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Work-related injuries among immigrants: a growing global health disparity
  1. Marc Schenker
  1. Marc Schenker, Department of Public Health Sciences, MS1-C, One Shields Avenue, University of California at Davis, Davis, CA 95616, USA; mbschenker{at}

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Increased occupational hazards among immigrant workers were described 100 years ago in Upton Sinclair’s novel The Jungle, which exposed the scandalous living and working conditions of immigrants in the Chicago stockyards. At the same time Dr Alice Hamilton was establishing the field of occupational health in the USA by her studies of immigrant workers exposed to the hazards of lead, rubber, viscous rayon and other toxins.1 Unfortunately, increased occupational hazards to immigrant workers remain a reality today; it is just the origin of the workers and some of the jobs that have changed. The dramatic increase in global migration over the past decade has made this issue even more critical, but the debate on immigration has become mired in politics, and little has been done to understand the situation or decrease the inequitable burden of morbidity and mortality among immigrant workers.

How big is global migration? In 2005 there were an estimated 191 million global migrants, up from 155 million in 1990. It is estimated that 200 million people around the world live outside their country of origin. Dramatic increases in migration have occurred in the USA. The foreign-born population in the USA reached 37.9 million in 2007, comprising over 12.5% of the population and 16% of the adult workforce. In 1970 immigrants made up less than 5% of the US population. There were over 1.1 million legal immigrants in 2005, and an estimated 11 million undocumented foreigners were living in the USA in that year. The number of undocumented foreigners has been increasing by over 500 000/year. In Spain the number of foreigners living in the country is close to five million, an increase of 10-fold over the past decade.2 …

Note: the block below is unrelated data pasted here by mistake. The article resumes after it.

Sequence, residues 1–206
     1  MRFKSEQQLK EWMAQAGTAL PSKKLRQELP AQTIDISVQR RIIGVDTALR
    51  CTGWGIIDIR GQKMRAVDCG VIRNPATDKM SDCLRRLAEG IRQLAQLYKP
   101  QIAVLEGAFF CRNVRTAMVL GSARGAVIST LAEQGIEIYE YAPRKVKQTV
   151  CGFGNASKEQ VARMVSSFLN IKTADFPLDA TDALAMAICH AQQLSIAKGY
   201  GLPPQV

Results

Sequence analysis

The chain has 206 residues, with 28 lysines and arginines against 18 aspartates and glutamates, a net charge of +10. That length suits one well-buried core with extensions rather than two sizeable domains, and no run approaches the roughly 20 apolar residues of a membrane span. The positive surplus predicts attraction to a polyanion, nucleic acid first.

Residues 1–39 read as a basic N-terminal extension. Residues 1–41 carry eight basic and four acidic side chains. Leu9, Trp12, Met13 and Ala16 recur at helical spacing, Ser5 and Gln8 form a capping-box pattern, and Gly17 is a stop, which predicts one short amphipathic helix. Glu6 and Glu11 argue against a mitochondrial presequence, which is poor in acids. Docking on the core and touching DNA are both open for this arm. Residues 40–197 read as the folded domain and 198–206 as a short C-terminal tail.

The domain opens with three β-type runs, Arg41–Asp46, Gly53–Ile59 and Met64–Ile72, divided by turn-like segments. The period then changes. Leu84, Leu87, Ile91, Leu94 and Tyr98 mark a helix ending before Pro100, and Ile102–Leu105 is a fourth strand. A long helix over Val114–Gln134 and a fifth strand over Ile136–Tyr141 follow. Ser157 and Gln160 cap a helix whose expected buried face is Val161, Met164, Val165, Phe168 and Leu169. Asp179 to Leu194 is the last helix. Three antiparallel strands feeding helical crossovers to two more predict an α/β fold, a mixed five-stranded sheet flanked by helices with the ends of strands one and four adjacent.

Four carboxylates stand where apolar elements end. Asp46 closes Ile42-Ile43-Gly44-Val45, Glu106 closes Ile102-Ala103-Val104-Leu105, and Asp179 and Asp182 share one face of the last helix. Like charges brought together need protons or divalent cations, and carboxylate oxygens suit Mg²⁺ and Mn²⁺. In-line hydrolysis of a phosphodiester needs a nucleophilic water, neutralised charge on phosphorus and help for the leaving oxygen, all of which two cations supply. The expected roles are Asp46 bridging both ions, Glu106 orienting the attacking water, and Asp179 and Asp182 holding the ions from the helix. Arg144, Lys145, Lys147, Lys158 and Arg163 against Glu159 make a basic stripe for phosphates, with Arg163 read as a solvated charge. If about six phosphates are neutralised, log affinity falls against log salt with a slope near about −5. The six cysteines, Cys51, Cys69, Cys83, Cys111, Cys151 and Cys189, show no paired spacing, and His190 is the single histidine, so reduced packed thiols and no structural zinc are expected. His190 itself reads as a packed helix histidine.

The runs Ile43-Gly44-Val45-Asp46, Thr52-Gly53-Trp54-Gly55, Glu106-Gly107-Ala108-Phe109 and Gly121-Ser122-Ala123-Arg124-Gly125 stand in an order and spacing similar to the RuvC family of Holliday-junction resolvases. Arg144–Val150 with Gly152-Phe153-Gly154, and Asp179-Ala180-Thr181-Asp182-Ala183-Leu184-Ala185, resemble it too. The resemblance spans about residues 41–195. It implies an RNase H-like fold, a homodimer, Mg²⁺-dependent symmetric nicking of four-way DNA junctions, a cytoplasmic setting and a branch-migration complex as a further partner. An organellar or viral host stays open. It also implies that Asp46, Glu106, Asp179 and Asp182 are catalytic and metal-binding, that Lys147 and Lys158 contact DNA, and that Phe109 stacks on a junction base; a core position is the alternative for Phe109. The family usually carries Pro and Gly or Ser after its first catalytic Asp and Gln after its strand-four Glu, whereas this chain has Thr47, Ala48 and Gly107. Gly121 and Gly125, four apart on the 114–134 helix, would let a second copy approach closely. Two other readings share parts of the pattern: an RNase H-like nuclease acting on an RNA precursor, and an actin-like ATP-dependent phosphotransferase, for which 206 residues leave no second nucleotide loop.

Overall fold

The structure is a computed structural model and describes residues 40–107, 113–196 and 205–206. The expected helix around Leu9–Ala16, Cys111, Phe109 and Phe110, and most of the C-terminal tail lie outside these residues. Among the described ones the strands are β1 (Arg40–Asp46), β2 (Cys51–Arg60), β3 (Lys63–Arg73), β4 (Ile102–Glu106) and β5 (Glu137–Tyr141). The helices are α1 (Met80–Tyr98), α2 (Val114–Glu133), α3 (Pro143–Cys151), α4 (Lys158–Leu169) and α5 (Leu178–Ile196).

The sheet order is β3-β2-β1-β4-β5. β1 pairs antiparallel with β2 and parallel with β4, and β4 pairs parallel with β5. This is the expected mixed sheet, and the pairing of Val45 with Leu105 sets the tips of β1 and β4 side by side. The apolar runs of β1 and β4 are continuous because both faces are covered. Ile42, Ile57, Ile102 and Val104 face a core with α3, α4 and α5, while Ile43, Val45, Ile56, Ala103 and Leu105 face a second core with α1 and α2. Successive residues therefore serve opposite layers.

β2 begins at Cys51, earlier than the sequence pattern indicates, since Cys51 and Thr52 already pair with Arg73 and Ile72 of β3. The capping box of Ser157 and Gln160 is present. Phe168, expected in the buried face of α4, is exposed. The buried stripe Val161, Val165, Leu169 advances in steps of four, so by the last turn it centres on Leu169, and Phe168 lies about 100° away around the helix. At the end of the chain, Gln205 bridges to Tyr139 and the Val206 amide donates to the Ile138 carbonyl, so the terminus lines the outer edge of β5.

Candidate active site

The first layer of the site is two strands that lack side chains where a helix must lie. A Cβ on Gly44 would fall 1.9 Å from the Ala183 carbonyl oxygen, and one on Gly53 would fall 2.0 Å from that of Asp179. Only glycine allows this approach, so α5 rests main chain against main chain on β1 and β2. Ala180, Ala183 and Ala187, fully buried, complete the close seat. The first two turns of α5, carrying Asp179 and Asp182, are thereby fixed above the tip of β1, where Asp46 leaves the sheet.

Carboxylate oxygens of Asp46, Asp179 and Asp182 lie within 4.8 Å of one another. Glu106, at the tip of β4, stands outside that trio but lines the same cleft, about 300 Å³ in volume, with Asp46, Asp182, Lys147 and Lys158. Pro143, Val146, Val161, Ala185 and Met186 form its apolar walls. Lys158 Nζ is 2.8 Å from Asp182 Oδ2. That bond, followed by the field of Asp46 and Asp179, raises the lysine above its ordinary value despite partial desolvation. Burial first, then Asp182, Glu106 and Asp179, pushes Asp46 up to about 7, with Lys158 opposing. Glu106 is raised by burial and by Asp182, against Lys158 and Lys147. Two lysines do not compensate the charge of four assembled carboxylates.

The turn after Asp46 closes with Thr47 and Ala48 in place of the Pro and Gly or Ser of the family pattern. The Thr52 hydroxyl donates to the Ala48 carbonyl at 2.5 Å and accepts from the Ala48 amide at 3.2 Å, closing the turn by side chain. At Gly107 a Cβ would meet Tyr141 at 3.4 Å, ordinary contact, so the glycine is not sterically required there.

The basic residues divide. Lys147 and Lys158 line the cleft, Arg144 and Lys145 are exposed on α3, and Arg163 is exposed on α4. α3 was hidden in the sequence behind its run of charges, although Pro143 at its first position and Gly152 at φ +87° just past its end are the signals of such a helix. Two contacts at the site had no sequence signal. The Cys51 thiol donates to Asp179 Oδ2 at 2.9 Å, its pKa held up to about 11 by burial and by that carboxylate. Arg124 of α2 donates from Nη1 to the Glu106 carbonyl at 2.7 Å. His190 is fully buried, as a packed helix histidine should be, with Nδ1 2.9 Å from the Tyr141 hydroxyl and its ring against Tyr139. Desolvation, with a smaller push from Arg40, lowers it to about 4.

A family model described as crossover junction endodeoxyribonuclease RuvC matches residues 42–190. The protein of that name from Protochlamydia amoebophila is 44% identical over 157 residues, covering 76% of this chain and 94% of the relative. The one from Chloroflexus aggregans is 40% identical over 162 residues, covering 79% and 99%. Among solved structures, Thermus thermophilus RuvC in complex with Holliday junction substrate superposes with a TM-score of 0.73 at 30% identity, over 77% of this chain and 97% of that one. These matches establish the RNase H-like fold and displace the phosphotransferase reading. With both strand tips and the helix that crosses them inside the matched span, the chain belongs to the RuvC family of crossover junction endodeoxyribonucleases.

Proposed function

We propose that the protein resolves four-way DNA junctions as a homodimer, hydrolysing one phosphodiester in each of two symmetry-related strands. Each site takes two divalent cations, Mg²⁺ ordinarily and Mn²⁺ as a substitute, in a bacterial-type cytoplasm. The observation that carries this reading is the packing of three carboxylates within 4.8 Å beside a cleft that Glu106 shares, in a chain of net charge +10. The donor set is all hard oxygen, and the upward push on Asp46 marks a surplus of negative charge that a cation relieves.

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  • Competing interests: None.